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Something Shifty May Be in Works

October 19, 2002|Bill Shaikin; Mike DiGiovanna; Bill Dwyre | From Staff Reports

It's a novel defensive alignment, one the Angels still aren't sure whether they'll deploy tonight. But when the Angels do pitch to Barry Bonds, they might do so with four players in the outfield and three in the infield.

Bonds' hitting charts, freely available online, reveal several tendencies. He hits many more fly balls than he does ground balls. He sprays fly balls all around the outfield. But when he does hit a ground ball, he very rarely hits it to the left side.

In the division series against the New York Yankees, the Angels employed a radical shift against Jason Giambi, moving third baseman Troy Glaus to shortstop and playing the other three infielders on the right side. At the least, they plan to use a similar shift against Bonds.

The Angels would leave the left side vacant and add a rover -- probably second baseman Adam Kennedy -- to the outfield.

The Angels would not use it in all circumstances, because they would hesitate to leave third base uncovered with runners on base.

Manager Mike Scioscia would not say Friday how the Angels would set up the defense against Bonds, or in what situations they might pitch to him. But Scioscia did acknowledge that Bonds presents such a challenge that teams must think beyond conventional wisdom.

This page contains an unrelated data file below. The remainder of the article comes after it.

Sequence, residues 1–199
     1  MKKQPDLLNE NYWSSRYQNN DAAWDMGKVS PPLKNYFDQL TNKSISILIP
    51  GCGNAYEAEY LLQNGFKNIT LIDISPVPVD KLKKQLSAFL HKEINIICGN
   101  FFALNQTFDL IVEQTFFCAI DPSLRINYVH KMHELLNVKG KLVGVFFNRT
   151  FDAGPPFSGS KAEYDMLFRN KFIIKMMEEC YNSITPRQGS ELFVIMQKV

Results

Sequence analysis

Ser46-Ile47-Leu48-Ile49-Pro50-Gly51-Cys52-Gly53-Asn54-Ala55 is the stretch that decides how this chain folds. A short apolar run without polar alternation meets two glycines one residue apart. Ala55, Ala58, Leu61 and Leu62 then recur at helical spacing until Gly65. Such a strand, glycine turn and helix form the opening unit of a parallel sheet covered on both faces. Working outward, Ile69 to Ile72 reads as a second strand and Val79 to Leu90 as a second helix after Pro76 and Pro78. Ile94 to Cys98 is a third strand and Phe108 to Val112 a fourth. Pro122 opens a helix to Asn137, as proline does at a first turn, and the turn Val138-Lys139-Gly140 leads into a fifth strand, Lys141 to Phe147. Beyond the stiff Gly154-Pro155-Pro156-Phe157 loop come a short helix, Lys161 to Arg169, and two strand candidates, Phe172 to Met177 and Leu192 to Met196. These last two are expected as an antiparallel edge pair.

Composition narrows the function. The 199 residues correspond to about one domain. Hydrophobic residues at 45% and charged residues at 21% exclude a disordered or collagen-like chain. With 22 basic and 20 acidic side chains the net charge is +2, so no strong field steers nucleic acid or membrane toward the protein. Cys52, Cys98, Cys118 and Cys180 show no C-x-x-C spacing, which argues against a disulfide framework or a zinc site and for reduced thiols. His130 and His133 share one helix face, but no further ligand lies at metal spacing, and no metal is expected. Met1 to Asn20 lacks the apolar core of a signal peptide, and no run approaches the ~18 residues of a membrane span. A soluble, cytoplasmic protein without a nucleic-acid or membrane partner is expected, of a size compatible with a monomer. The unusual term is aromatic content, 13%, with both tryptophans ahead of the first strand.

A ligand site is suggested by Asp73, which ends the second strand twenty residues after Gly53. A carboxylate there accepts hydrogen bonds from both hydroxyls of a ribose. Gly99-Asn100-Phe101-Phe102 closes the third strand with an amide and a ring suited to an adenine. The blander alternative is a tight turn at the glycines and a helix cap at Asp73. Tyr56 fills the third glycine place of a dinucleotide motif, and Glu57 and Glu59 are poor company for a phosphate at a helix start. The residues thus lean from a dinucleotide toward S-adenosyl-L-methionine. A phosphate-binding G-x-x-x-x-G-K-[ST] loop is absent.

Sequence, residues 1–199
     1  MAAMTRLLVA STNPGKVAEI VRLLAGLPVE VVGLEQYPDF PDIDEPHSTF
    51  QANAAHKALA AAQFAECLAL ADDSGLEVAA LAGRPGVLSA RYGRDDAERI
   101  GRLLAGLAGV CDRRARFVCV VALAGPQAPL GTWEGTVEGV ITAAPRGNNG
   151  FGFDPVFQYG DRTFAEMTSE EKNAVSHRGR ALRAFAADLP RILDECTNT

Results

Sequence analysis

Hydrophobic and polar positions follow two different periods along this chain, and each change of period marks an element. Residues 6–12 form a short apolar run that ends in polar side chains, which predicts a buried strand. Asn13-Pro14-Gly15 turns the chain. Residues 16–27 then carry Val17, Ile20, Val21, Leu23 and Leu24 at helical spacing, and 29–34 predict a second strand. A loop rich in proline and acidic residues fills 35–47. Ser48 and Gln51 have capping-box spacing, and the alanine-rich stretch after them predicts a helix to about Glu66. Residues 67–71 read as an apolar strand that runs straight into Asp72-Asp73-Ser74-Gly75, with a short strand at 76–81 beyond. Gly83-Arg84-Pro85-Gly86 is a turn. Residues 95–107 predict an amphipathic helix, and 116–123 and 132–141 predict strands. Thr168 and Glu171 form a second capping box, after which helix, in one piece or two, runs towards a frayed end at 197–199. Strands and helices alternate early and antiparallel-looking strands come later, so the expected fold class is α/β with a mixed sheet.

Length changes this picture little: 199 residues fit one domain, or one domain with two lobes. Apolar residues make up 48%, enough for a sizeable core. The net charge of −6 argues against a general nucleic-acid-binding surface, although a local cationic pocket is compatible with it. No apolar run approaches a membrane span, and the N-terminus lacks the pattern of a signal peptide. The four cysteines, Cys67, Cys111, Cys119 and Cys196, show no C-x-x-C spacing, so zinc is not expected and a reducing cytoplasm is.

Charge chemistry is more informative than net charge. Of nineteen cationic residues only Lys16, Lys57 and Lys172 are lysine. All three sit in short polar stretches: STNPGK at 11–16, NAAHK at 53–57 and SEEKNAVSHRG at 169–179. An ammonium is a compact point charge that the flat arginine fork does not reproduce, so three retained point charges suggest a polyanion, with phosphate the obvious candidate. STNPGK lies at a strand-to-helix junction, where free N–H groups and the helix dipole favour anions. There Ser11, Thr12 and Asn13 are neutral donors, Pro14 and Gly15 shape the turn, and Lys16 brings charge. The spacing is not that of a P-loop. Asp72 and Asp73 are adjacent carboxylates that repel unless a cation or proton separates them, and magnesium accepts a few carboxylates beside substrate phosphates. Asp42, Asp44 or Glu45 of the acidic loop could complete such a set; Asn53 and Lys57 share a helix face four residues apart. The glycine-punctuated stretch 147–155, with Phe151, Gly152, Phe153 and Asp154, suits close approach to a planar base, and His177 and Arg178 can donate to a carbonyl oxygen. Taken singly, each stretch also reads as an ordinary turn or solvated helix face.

"You're going to see some things that maybe in other eras might seem extremely unconventional or way out there," Scioscia said, "but they make a lot of sense with the way Barry is."


Jarrod Washburn, who starts tonight for the Angels, said he felt fine Friday. He missed workouts Thursday because of mild flu.

Washburn said he would embrace the challenge of pitching to Bonds but would not apologize if the Angels decide to pitch around him.

"If we win the World Series and guys are calling me a wimp because I pitched around Barry Bonds," Washburn said, "who cares?"


After pitching six times in 12 days during the first two rounds of the playoffs, closer Troy Percival said he needed the extended break before the World Series.

"My arm finally feels good again," he said. "It took four days to get there."


Outfielder Orlando Palmeiro's wife, Tami, gave birth to the couple's first child Friday. The baby girl, named Faith, and mother are fine, awaiting Palmeiro's return home to Florida after the World Series.

Bill Shaikin


Rookie John Lackey, who pitched seven shutout innings in the league championship series, could start Game 7 of the World Series. Ramon Ortiz is scheduled to start Game 3 and Lackey Game 4, but Scioscia said Lackey could get the call for a decisive Game 7 on three days' rest if he pitches as well as he did in the last round of the playoffs. Lackey, who limited the Twins to three hits in that Game 4 victory, will be available in relief tonight and also in a possible Game 7, if he does not start.


The Angels tried to get Nolan Ryan to throw out the ceremonial first pitch tonight, but the former flame-thrower couldn't make it.

Unable to find two 8-7 pitchers to take Ryan's place, the Angels settled for former owner Jackie Autry, who will throw out the first pitch with former Angel pitcher Chuck Finley catching.

Mike DiGiovanna


John Wooden, legendary UCLA basketball coach who turned 92 Monday and is a lifelong lover of baseball, will throw out the first ball of Game 2.

He said Friday that he was thrilled when he was notified he had been selected, and added, "I don't think I'll throw a spitball."

Bill Dwyre

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